81. Yu Y, Pierciey FJ Jr, Maguire TG, Alwine JC. 81.  2013. PKR-like endoplasmic reticulum kinase is necessary for lipogenic activation in HCMV-infected cells. J. Virol. 9:e1003266 [Google Scholar]
  82. Hetz C. 82.  2012. The unfolded protein response: controlling cell fate decisions under ER stress and beyond. Nat. Rev. Mol. Cell Biol. 13:89–102 [Google Scholar]
  83. Harding HP, Zhang Y, Ron D. 83.  1999. Protein translation and folding are coupled by an endoplasmic-reticulum-resident kinase. Nature 397:271–74 [Google Scholar]
  84. Harding HP, Zhang Y, Bertolotti A, Zeng H, Ron D. 84.  2000. PERK is essential for translation regulation and cell survival during unfolded protein response. Mol. Cell 5:897–904 [Google Scholar]
  85. Proud CG. 85.  2005. eIF2 and the control of cell physiology. Semin. Cell Dev. Biol. 16:3–12 [Google Scholar]
  86. Hakki M, Marshall EE, De Niro KL, Geballe AP. 86.  2006. Binding and nuclear relocalization of protein kinase R by human cytomegalovirus TRS1. J. Virol. 80:11817–26 [Google Scholar]
  87. Harding HP, Novoa I, Zhang Y, Zeng H, Wek R. 87.  et al. 2000. Regulated translation initiation controls stress-induced gene expression in mammalian cells. Mol. Cell 6:1099–108 [Google Scholar]
  88. Harding HP, Zhang Y, Zeng H, Novoa I, Lu PD. 88.  et al. 2003. An integrated stress response regulates amino acid metabolism and resistance to oxidative stress. Mol. Cell 11:619–33 [Google Scholar]
  89. Xuan B, Qian Z, Torigoi E, Yu D. 89.  2009. Human cytomegalovirus protein pUL38 induces ATF4 expression, inhibits persistent JNK phosphorylation, and suppresses endoplasmic reticulum stress–induced cell death. J. Virol 83:3463–74 [Google Scholar]
  90. Wang C, Huang Z, Du Y, Cheng Y, Chen S, Guo F. 90.  2010. ATF4 regulates lipid metabolism and thermogenesis. Cell Res. 20:174–84 [Google Scholar]
  91. Shao W, Espenshade PJ. 91.  2012. Expanding roles for SREBP in metabolism. Cell Metab. 16:414–19 [Google Scholar]
  92. Yu Y, Maguire T, Alwine JC. 92.  2012. Human cytomegalovirus infection induces adipocyte-like lipogenesis through activation of sterol regulatory element binding protein 1. J. Virol. 86:2942–49 [Google Scholar]
  93. Yu Y, Maguire TG, Alwine JC. 93.  2014. ChREBP, a glucose responsive transcriptional factor, redirects glucose metabolism to support biosynthesis in HCMV-infected cells. Proc. Natl. Acad. Sci. USA. 1111951–56 [Google Scholar]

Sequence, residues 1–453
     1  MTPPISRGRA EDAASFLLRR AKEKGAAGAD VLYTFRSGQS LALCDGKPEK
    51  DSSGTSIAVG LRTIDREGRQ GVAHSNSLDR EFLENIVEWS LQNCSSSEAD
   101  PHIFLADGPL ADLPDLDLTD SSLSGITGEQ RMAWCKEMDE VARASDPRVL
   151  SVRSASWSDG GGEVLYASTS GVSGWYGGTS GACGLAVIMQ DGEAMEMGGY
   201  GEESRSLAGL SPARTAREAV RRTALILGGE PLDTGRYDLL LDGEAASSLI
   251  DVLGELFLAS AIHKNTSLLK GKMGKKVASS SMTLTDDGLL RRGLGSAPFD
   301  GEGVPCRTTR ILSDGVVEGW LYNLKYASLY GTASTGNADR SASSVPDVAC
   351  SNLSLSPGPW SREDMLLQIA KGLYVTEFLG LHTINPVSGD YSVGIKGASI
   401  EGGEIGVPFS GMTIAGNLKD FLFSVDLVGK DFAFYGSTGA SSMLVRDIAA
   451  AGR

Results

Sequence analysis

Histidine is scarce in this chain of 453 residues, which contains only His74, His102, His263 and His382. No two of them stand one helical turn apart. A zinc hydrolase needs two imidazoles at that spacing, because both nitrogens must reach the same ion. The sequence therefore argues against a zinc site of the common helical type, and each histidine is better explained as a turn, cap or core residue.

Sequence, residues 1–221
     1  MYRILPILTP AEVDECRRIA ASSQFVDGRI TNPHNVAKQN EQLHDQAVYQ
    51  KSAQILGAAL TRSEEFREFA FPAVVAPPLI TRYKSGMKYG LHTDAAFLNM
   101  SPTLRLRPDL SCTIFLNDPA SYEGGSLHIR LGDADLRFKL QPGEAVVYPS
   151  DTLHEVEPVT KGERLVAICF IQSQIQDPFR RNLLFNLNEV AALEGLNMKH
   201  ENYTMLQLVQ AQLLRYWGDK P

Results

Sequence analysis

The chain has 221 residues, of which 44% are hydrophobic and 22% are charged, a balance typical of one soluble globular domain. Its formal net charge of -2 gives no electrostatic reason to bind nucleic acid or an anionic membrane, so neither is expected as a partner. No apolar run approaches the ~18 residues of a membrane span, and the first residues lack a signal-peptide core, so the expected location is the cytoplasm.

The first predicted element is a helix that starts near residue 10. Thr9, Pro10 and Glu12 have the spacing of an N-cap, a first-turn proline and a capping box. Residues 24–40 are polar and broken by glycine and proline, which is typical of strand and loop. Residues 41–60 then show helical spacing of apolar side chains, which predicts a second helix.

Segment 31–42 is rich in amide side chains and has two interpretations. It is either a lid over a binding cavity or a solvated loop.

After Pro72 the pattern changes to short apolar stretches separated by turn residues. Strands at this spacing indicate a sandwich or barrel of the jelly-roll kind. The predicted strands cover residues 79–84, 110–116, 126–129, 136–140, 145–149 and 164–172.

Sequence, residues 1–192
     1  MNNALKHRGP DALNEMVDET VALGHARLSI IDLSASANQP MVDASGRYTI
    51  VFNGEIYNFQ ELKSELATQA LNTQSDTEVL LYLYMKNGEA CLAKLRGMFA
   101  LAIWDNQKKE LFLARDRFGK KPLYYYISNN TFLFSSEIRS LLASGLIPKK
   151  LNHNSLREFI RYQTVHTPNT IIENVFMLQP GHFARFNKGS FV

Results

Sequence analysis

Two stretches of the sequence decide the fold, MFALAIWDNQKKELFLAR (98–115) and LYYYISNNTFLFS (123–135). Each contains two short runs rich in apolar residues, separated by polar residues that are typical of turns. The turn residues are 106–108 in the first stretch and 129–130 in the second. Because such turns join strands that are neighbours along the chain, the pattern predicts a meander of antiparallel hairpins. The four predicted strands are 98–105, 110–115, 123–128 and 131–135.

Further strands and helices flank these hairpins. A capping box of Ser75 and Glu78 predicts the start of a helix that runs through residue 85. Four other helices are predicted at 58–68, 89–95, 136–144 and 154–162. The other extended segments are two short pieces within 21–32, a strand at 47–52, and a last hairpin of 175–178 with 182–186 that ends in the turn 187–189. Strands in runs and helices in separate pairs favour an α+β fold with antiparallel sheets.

94. Seo JY, Cresswell P. 94.  2013. Viperin regulates cellular lipid metabolism during human cytomegalovirus infection. PLoS Pathog. 9:e1003497 [Google Scholar]
  95. Rauwel B, Mariame B, Martin H, Nielsen R, Allart S. 95.  et al. 2010. Activation of peroxisome proliferator–activated receptor gamma by human cytomegalovirus for de novo replication impairs migration and invasiveness of cytotrophoblasts from early placentas. J. Virol. 84:2946–54 [Google Scholar]
  96. Siersbaek R, Nielsen R, Mandrup S. 96.  2010. PPARγ in adipocyte differentiation and metabolism—novel insights from genome-wide studies. FEBS Lett. 584:3242–49 [Google Scholar]
  97. Vastag L, Koyuncu E, Grady SL, Shenk TE, Rabinowitz JD. 97.  2011. Divergent effects of human cytomegalovirus and herpes simplex virus-1 on cellular metabolism. PLoS Pathog. 7:e1002124 [Google Scholar]
  98. Roe B, Kensicki E, Mohney R, Hall WW. 98.  2011. Metabolomic profile of hepatitis C virus–infected hepatocytes. PLoS ONE 6:e23641 [Google Scholar]
  99. Diamond DL, Syder AJ, Jacobs JM, Sorensen CM, Walters KA. 99.  et al. 2010. Temporal proteome and lipidome profiles reveal hepatitis C virus–associated reprogramming of hepatocellular metabolism and bioenergetics. PLoS Pathog. 6:e1000719 [Google Scholar]
  100. Cheung AK, Abendroth A, Cunningham AL, Slobedman B. 100.  2006. Viral gene expression during the establishment of human cytomegalovirus latent infection in myeloid progenitor cells. Blood 108:3691–99 [Google Scholar]
  101. Goodrum FD, Jordan CT, High K, Shenk T. 101.  2002. Human cytomegalovirus gene expression during infection of primary hematopoietic progenitor cells: a model for latency. Proc. Natl. Acad. Sci. USA 99:16255–60 [Google Scholar]
  102. Ecker J, Liebisch G, Englmaier M, Grandl M, Robenek H, Schmitz G. 102.  2010. Induction of fatty acid synthesis is a key requirement for phagocytic differentiation of human monocytes. Proc. Natl. Acad. Sci. USA 107:7817–22 [Google Scholar]
  103. Schneiter R, Brugger B, Amann CM, Prestwich GD, Epand RF. 103.  et al. 2004. Identification and biophysical characterization of a very-long-chain-fatty-acid-substituted phosphatidylinositol in yeast subcellular membranes. Biochem. J. 381:941–49 [Google Scholar]
  104. Ho JK, Moser H, Kishimoto Y, Hamilton JA. 104.  1995. Interactions of a very long chain fatty acid with model membranes and serum albumin. Implications for the pathogenesis of adrenoleukodystrophy. J. Clin. Investig. 96:1455–63 [Google Scholar]
  105. Gaigg B, Toulmay A, Schneiter R. 105.  2006. Very long-chain fatty acid–containing lipids rather than sphingolipids per se are required for raft association and stable surface transport of newly synthesized plasma membrane ATPase in yeast. J. Biol. Chem. 281:34135–45 [Google Scholar]
/content/journals/10.1146/annurev-virology-031413-085425
Loading
/content/journals/10.1146/annurev-virology-031413-085425
Loading

Data & Media loading...

Supplementary Data

  • Article Type: Review Article
This is a required field
Please enter a valid email address
Approval was a Success
Invalid data
An Error Occurred
Approval was partially successful, following selected items could not be processed due to error